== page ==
Live imaging allows researchers to see how stem cells find their niche in bone marrow

08 October 2015

Francis Crick Institute researchers have used live imaging to track human blood stem cells in the bone marrow as they seek out their preferred environment, or niche.

The team hopes that learning more about blood stem cells - called haematopoetic stem cells or HSCs - and the HSC niche will evenutally help them understand leukaemia stem cells and their niche, and potentially lead to new ways to treat the cancer.

The research was led by Dr Dominique Bonnet at the Crick. She explained: "The niche is an important regulator of HSC fate. This means that understanding where in the bone marrow HSCs go and their niche will give us information about which cells and which molecules secreted by different tissues play a role in regulating HSCs.

"Scientists have made advances in understanding interactions between mouse HSCs and their niche but, until now, little was known about communication between human HSCs and their immediate environment."

Dr Bonnet's team used a technique called intravital imaging to track human HSCs translanted into mice that have deficient immune systems - meaning they wouldn't react against the human HSCs.

The results showed that after transplanation the human HSC cells entered the bone marrow of the mice and kept moving in search of the right environnment. When they found it they suddenly stopped - in contrast to more developed types of cells, which do not stop.

Dr Bonnet said: "Our paper proposes that, to better define the HSC niche, we should look at the movement of HSCs and define their niche environment when they stop moving. Intravital imaging is the only technique that can determine where in the bone marrow HSCs stop moving and therefore where that niche is.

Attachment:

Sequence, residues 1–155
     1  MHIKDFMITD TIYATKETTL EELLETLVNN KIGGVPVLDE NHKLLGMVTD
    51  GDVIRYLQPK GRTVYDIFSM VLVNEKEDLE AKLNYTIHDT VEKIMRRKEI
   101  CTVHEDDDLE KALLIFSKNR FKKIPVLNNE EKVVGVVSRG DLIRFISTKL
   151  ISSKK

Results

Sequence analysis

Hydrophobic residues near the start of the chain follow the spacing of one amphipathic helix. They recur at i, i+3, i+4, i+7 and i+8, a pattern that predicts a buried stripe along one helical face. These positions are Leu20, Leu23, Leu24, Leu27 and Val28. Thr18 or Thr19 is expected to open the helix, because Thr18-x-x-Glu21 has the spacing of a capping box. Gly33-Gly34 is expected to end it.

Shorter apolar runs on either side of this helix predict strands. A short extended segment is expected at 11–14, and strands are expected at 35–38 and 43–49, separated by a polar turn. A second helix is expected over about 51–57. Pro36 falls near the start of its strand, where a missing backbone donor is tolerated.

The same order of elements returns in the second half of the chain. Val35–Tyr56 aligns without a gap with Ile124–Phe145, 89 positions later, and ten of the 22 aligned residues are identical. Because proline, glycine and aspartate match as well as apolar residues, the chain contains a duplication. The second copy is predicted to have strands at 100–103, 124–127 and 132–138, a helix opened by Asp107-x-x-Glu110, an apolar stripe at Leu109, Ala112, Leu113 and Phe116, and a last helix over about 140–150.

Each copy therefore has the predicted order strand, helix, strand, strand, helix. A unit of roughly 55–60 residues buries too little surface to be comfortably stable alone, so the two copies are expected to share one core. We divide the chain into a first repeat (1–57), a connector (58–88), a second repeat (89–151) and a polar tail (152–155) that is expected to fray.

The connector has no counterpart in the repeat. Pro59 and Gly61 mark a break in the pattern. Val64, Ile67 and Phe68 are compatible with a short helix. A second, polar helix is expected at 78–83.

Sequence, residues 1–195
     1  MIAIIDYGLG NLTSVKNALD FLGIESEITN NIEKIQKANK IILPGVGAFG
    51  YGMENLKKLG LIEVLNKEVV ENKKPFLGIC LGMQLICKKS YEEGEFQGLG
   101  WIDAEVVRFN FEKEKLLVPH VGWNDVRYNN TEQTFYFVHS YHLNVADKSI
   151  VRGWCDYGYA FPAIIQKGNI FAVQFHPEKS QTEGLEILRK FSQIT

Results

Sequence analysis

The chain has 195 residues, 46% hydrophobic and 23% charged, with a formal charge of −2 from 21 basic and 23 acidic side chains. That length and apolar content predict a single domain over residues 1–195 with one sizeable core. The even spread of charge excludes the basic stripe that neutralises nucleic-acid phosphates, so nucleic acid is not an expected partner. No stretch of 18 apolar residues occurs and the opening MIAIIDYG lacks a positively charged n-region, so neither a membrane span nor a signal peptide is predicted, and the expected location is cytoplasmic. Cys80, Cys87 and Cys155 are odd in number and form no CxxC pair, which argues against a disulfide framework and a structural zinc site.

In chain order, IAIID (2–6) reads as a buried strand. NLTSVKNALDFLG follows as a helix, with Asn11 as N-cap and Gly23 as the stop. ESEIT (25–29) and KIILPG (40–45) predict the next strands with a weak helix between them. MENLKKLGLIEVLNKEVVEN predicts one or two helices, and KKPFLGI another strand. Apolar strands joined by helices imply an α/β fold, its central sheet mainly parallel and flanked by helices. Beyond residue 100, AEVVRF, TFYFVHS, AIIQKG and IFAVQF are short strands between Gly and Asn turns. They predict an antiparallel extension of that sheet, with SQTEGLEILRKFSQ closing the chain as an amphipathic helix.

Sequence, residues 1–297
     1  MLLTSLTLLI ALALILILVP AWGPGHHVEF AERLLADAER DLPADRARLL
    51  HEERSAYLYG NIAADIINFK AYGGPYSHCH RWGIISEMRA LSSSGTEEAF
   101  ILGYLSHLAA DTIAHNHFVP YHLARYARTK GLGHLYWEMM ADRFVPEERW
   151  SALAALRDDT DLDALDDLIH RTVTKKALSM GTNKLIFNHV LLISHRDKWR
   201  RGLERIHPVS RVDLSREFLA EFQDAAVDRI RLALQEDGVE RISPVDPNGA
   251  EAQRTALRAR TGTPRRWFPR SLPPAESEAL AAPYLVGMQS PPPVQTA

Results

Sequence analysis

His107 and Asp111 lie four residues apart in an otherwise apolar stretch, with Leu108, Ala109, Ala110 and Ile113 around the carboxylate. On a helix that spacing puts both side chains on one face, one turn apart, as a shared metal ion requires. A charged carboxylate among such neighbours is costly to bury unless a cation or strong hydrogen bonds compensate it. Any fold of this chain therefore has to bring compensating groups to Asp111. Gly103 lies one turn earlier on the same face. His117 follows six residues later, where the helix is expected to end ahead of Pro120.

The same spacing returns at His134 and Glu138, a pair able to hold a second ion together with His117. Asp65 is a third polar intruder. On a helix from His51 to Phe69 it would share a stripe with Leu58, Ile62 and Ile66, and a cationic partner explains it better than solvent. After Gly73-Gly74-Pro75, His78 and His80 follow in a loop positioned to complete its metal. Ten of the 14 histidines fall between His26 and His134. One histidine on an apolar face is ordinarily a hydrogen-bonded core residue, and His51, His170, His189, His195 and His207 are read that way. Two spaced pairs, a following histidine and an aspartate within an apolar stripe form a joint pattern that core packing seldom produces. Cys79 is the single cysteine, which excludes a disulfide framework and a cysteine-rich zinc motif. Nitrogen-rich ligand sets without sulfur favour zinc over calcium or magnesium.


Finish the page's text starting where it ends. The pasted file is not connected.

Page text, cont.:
"In the future, we hope to use a similar imaging technique to  define the leukaemia stem cell niche. We don't know whether this is the same as the normal HSC niche, and whether the two types of stem cell compete for the same niche. Understanding this could help us understand the external factors that maintain leukaemia stem cells and thus help us develop new strategies to eradicate them."

The paper, Different Motile Behaviors of Human Hematopoietic Stem versus Progenitor Cells at the Osteoblastic Niche, is published in Stem Cell Reports.

  • Live imaging has allowed scientists at the Francis Crick Institute to track human blood stem cells in the bone marrow as they seek out their preferred environment, or niche.
  • Stem cells are immature cells that have not yet developed into the specialised cells that make up our organs and tissues. They also have the ability to 'self-renew', or make identical copies of themselves, almost indefinitely. Haematopoetic stem cells (HSCs) are found in the bone marrow and generate all the different types of mature blood cells.
  • The research was supported by Cancer Research UK.